(My article below from early 2000s lost all the original pictures due to switching servers. Sorry!)
Whenever a new handheld or console launches, there is always a flood of 3rd party peripherals and accessories that release with it. This category of gaming extras didn’t really start to peak until the GBA era and started to gain a lot of steam in the later GBC days. Blame it on the lack of a back-lit screen, the requirement for those extra battery packs, and the need to bundle everything together in one carrying case, but Nintendo’s handhelds have seen countless accessories. The DS, DSi, and 3DS are also no exception.
Perhaps the most worthless piece of garbage to be released for the GBA (or any Nintendo handheld system) is Mad Catz Roll Cage. And yes, I know about some bad accessories.
What exactly is a Mad Catz Roll Cage? Loosely put, it is a simple wireframe jacket thing that latches onto the GBA – and we are talking about the original wide GBA here, not the SP version. The goal of this product is to… well, that is the question. Just what the hell is this thing supposed to do? I guess it is supposed to stop the GBA from rolling…? But, the GBA isn’t exactly prone to rolling in the first place.
Besides rolling, perhaps this thing is designed to help prevent damage to the GBA if it accidently falls to the ground? Nintendo products are known for being very durable in the first place. Also, even if the GBA were to fall with this attachment, it would have to flat exactly flat on the ground to save it from any kind of damage since the sides are still exposed. And if this hits the corner of an end table or any other jutting-out surface, the screen is still liable to get nailed.
Just what the hell is this thing?!
I scanned the entire packaging for answers as to what exactly this blue rubber atrocity is supposed to do. No instructions; only three English bullet points on the back of the packaging: “Protects your Game Boy Advance”, “Alloy metal roll bars”, and “Rugged design.” These three facts were also translated into five other languages, which means the other ends of the world were exposed to this monstrosity of a gaming accessory.
When this thing is installed on the GBA, it might look like it has a purpose just because it fits snuggly on the GBA. However, if you want to play a prank on your friends, simply hand them the Roll Cage by itself and play the “guess what this thing is” game. Like when your buddy knows the words to a Lady GaGa song, you should immediately stick a swift and painful punch to your friend’s kidney for knowing such a worthless and unmanly fact.
Now you might be asking yourself, why did I spend money on such a piece of worthless crap? Well, the story of how I acquired two Roll Cages is a reflection of the product itself.
In the heyday of the original GBA model but before the SP launch, I made a random trip to a local Best Buy. There, I saw a couple GBA Roll Cages tagged on an end cap for $0.01, originally priced at $9.99.
Now let’s just think about this for one minute.
This means that someone in Best Buy management made the conscience decision to analyze the sales of this GBA accessory, then direct one of the employees to generate a new price tag, alter the price in the system, and reorganize the end cap to house these units. This is a lot of effort for a crappy product but at least Best Buy was acknowledging that they made a mistake by initially stocking their shelves with this device.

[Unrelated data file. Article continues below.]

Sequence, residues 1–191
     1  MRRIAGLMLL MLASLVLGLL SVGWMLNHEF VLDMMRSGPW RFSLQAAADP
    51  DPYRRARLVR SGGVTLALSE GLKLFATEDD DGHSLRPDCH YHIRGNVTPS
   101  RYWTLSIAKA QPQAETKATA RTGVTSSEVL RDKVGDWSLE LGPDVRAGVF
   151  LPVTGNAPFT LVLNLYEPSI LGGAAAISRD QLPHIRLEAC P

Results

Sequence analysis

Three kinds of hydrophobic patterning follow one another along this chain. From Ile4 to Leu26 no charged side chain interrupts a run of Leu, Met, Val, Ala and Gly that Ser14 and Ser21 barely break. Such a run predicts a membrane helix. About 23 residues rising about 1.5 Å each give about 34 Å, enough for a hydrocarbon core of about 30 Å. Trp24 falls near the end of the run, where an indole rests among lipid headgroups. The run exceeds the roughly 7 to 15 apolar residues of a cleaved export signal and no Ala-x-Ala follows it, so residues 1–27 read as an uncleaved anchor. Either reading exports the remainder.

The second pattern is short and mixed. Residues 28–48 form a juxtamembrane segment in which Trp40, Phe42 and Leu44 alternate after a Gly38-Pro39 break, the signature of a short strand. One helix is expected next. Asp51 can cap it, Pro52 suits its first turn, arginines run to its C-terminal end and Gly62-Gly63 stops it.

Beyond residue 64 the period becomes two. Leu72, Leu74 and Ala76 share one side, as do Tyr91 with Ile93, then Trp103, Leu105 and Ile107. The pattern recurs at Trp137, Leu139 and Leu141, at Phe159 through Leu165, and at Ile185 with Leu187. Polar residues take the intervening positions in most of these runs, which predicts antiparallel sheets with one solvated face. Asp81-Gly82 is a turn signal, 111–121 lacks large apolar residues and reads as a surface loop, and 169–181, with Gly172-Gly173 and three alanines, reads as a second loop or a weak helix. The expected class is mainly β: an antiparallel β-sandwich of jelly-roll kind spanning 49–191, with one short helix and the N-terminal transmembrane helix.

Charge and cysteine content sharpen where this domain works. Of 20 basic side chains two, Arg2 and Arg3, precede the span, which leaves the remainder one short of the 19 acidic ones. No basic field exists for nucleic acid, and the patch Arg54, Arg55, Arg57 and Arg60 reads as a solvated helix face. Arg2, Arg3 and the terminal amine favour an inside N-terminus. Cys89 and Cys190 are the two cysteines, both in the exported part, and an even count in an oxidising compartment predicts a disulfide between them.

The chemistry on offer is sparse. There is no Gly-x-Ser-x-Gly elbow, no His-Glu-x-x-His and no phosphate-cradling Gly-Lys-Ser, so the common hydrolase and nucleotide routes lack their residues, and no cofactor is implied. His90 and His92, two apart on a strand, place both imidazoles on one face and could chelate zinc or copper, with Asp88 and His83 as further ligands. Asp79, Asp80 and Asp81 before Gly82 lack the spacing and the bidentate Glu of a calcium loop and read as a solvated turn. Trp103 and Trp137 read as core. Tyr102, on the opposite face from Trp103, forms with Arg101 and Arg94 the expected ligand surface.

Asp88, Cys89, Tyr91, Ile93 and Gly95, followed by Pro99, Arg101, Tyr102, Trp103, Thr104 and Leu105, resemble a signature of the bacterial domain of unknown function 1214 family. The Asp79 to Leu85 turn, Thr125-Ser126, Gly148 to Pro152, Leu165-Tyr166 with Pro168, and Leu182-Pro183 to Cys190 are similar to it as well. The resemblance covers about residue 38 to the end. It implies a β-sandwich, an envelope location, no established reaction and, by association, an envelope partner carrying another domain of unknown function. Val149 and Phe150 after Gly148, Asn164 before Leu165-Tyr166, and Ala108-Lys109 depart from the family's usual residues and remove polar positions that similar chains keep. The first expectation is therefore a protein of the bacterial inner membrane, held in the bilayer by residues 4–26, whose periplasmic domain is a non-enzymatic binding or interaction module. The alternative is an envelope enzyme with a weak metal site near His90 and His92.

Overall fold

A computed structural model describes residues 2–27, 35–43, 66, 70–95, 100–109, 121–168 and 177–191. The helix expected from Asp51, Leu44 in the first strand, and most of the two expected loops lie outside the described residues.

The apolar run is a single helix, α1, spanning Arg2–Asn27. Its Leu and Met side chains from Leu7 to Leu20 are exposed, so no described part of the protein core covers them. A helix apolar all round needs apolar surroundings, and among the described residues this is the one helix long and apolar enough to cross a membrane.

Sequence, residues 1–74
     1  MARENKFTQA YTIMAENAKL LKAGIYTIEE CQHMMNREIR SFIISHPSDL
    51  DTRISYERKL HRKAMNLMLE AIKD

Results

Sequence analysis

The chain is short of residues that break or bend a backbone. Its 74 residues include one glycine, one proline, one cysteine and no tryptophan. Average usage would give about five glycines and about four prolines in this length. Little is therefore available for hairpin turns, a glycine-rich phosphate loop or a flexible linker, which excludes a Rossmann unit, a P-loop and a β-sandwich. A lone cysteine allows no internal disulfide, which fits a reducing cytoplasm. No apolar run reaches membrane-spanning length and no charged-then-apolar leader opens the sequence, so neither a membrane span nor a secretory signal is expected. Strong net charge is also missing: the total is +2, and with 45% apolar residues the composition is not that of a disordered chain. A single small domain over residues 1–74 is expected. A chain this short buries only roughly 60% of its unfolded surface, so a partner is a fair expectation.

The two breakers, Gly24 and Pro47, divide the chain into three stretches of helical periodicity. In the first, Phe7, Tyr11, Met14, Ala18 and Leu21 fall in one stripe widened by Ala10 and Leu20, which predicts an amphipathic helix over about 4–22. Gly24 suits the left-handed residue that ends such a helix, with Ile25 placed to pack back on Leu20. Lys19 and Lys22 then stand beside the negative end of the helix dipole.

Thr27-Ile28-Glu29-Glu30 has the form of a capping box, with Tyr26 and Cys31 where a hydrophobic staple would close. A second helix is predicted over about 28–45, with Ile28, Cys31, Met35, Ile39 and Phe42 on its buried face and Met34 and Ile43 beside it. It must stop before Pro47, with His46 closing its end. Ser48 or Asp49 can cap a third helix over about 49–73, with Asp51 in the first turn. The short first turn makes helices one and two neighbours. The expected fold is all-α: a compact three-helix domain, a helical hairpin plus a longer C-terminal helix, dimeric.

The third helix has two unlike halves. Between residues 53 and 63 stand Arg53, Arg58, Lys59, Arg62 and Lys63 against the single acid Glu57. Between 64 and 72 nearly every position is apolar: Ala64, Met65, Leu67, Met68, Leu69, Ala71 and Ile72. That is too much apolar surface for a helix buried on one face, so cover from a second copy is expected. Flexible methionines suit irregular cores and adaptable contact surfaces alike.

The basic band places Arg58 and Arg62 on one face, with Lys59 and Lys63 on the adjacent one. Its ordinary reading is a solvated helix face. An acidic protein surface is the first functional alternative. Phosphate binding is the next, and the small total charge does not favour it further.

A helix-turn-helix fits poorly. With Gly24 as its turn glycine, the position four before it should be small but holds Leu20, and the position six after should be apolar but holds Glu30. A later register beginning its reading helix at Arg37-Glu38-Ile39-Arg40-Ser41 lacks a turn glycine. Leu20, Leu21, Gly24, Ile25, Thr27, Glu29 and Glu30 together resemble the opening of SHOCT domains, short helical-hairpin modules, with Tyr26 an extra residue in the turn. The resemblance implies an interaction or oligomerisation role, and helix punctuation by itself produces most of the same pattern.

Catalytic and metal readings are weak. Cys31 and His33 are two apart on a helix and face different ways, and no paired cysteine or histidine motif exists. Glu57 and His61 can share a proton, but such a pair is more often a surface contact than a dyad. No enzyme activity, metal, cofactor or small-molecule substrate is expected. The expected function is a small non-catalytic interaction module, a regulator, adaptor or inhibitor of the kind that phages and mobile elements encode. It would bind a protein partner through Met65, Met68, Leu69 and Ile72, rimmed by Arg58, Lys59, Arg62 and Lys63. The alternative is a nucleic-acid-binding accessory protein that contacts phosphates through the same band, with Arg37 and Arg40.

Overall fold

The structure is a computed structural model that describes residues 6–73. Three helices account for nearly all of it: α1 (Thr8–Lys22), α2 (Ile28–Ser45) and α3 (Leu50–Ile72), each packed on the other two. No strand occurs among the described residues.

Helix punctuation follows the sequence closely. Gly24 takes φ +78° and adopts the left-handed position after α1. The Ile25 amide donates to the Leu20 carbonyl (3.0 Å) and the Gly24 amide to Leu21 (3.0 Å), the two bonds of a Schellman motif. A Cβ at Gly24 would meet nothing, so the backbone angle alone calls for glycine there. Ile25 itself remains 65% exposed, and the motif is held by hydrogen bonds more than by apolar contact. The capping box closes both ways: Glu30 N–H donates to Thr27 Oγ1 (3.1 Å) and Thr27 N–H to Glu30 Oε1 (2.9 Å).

I encourage you to google the term “GBA Roll Cage” and see what pops up – there are message board postings of people seeing the $0.01 bin price.
Being the gaming enthusiastic that I am, I figured I could spare the $0.02 to purchase two units. (I also picked up a GBC Hip Clip for $0.01, but that is a story for another time.) Bringing my goods to the counter, the cashier thought something was wrong when she saw the 2 cent total. She then put a call in to make sure that the unbelievable $0.01 was accurate. After waiting for 5 minutes for this stock check (even more work involved with these badboys), I was on my way home to test out the product.
I opened one of the units can tethered it to my GBA. Then I asked the same question that I am asking now – what the hell is this thing for? For what it is worth, the thing is made with some thought as there is an open slot on the top for game pak insertion and leaves the link cable slot available, the rubber latch on the back is just plain strange, but the entire thing will need to be removed if need to get at the batteries. But man, this thing is pretty ugly. It is just this blue/metal bar thing. Really, I am just blown away by its ugliness and uselessness. It is like my GBA is giving me a teeth smile with a bad set of braces.
I would, however, feel justified of my one cent purchase if this thing somehow was listed into the World Record book for most questionable/pointless/confusing gaming accessory. At least then I can say that I own a piece of gaming history. I also tried selling this on Craigslist, hoping to lure in some sucker. Turns out, the only sucker was me. I want my penny back.
Not As Good As: The Worm Light
Also Try: dropping your GBA down the stairs (hint, it will be fine)
Wait For It: Mad Catz 3DS Nuclear Fallout Shelter – protect your unit Fallout style!
By: Zachary Gasiorowski, Editor in Chief myGamer.com
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